Attorney General Garland Answers Nearly 4 Hours of Questions from Senators
Attorney General Merrick Garland was in the hot seat on Wednesday, answering questions about a number of topics before a Senate committee. The hearing before the Senate Judiciary Committee lasted almost four hours, marking Garland’s first public appearance on Capitol Hill this year.
Before the members of the committee launched into their questioning, Garland was given the opportunity to provide an opening statement. He used this time to speak about the Department of Justice (DOJ) and its quest to protect reproductive freedom, reduce violent and hate crime across the country, and partner with Ukraine to win the battle against the Russians. Garland gave credit to the 115,000 DOJ employees and their commitment to uphold the nation’s law and guard civil rights and democratic institutions.Read More »
Questions Surrounding Biden Probe
One of the primary topics of discussion on Wednesday surrounded the investigation by the Delaware U.S. attorney’s office into Hunter Biden. When peppered with questions by Republican Sen. Chuck Grassley, Garland said that he has pledged not to interfere with that ongoing investigation. He said that the Delaware attorney, David. C. Weiss, has complete authority over that matter.
Garland also conceded that it would be a national security issue if the president’s son had indeed been receiving money from a foreign government in an attempt to influence the decisions of the American government. While Hunter Biden has continued to deny allegations that he has engaged in criminal activities through his business ventures, Republicans have pressed on with the investigation and questions.
Online Sales of Drugs
Judiciary Committee Chairman Dirk Durbin used his time to question Garland about whether he thinks social media companies should be held responsible for the sale of illegal drugs through their platforms. The Illinois Democrat questioned the validity of Section 230 and its ease of being used as a shield for technology platforms not being held liable for what their users post.
Garland agreed with Durbin that his department needs to do something more to encourage these companies to search their posts for signs of illegal drug sales. The increase in drug sales through these platforms has been blamed for the rise in overdoses and other issues.
Supreme Court Justices Security
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Utah Republican Sen. Mike Lee questioned Garland about the department’s plan to protect the safety of the justices on the U.S. Supreme Court. This security has been an issue since multiple instances of protestors picketed the residences of conservative justices after the court’s decision to overturn Roe v. Wade. Garland reminded Lee that he ordered the U.S. Marshals Service to secure the homes of the justices after the leak of the draft opinion, an unprecedented move for an attorney general.
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Garland also said that there were 70 marshals sent to provide security for the justices during this tumultuous time period. This protection was put to the test when a protestor approached the home of Justice Brett Kavanaugh but left when he saw two marshals standing guard outside of the house.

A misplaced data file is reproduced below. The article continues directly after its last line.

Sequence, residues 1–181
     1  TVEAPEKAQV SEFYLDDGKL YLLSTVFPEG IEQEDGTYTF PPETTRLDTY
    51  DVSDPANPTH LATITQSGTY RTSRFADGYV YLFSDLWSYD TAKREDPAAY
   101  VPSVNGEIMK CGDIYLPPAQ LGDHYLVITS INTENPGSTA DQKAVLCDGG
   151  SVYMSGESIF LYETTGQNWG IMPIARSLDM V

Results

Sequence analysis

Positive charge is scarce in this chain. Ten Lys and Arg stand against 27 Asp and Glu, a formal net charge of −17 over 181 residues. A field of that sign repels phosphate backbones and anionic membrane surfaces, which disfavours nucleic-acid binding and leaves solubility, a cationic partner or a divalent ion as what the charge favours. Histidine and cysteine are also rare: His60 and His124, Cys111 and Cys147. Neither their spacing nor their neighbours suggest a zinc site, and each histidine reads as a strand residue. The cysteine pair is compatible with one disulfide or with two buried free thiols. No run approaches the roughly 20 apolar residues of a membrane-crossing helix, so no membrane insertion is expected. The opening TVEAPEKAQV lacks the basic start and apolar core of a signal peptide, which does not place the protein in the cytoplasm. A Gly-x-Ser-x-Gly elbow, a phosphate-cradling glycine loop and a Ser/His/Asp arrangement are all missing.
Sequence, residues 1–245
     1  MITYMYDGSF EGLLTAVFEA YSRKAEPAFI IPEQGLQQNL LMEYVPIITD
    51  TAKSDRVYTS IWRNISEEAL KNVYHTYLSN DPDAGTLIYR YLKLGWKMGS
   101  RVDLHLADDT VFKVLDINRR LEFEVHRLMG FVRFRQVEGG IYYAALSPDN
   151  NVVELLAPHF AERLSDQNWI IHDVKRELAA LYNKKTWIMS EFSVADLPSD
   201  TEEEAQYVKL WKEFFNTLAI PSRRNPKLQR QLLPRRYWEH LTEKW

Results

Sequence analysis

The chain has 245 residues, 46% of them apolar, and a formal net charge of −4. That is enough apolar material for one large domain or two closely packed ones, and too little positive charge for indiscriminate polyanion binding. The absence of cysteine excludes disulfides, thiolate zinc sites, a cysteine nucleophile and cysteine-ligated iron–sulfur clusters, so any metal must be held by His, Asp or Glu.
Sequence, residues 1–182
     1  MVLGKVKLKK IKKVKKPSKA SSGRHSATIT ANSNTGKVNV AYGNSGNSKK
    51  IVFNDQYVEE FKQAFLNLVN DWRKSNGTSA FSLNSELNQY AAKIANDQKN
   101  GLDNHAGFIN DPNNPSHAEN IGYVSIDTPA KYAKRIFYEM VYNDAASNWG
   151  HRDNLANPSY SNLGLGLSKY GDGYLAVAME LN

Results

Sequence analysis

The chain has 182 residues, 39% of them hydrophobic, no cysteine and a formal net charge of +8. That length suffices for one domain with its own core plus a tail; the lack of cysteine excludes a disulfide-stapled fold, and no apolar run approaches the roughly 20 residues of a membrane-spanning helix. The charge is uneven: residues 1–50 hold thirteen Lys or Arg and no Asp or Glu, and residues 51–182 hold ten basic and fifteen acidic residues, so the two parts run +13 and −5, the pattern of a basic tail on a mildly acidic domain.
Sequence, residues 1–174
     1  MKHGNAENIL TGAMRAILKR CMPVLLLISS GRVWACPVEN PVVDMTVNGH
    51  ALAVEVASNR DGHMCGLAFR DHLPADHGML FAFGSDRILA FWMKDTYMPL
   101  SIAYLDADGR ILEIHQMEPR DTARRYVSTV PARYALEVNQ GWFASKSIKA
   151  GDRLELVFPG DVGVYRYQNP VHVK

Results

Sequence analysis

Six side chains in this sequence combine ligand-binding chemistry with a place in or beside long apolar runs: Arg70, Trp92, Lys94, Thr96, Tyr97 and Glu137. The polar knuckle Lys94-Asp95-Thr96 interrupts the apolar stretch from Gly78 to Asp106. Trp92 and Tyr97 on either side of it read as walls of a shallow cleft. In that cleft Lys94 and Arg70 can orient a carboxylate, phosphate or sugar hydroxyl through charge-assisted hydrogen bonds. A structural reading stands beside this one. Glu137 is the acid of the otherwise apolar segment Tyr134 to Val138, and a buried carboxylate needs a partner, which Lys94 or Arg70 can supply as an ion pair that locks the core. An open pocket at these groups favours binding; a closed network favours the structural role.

Complaints About Department and Rights of Parents
It was a tense few moments when Garland was questioned by Republican Sen. John Kennedy of Louisiana about the Department of Justice (DOJ) allegedly trying to interfere with the rights of parents to lodge complaints about schools. The now debunked claims come from a letter in 2021 from the National School Boards Association asking the DOJ to address the increase in the number of threats against education administrators, comparing these threats to acts of domestic terrorism. In response, Garland wrote a memo asking federal and local authorities to handle these threats, however, he stopped short of referring to them as acts of terrorism.
Kennedy claimed that the memo was understood to be a threat to investigate parents for simply voicing their concerns about various educational issues. Garland had to reiterate multiple times that his agency is not trying to interfere with the rights of parents to make complaints about the education of their kids.
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Garland was also questioned extensively about Ticketmaster and the mess generated when tickets for the upcoming Taylor Swift tour went on sale. Millions of fans were left without even an opportunity to purchase tickets after the site repeatedly melted down. This topic was previously the discussion of a sole hearing on Capitol Hill, uniting legislators on both sides of the aisle.
The DOJ has opened an antitrust investigation looking into the owner of Ticketmaster, Live Nation Entertainment. Garland acknowledged that Ticketmaster is diluting the competition and leaving consumers holding the short end of the stick.
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